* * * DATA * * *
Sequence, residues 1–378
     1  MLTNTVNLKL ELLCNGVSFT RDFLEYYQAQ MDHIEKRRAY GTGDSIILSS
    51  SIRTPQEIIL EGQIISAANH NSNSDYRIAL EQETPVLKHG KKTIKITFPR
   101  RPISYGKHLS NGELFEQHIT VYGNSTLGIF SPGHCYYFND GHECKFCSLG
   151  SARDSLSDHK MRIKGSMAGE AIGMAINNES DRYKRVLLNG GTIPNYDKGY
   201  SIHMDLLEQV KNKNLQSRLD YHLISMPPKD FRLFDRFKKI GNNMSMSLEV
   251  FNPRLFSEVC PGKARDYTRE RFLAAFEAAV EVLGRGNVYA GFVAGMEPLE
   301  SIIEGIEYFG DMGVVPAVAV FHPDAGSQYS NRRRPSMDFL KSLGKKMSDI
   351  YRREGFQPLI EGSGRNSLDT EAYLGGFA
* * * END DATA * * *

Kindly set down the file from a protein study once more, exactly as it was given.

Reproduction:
Sequence, residues 1–378
     1  MLTNTVNLKL ELLCNGVSFT RDFLEYYQAQ MDHIEKRRAY GTGDSIILSS
    51  SIRTPQEIIL EGQIISAANH NSNSDYRIAL EQETPVLKHG KKTIKITFPR
   101  RPISYGKHLS NGELFEQHIT VYGNSTLGIF SPGHCYYFND GHECKFCSLG
   151  SARDSLSDHK MRIKGSMAGE AIGMAINNES DRYKRVLLNG GTIPNYDKGY
   201  SIHMDLLEQV KNKNLQSRLD YHLISMPPKD FRLFDRFKKI GNNMSMSLEV
   251  FNPRLFSEVC PGKARDYTRE RFLAAFEAAV EVLGRGNVYA GFVAGMEPLE
   301  SIIEGIEYFG DMGVVPAVAV FHPDAGSQYS NRRRPSMDFL KSLGKKMSDI
   351  YRREGFQPLI EGSGRNSLDT EAYLGGFA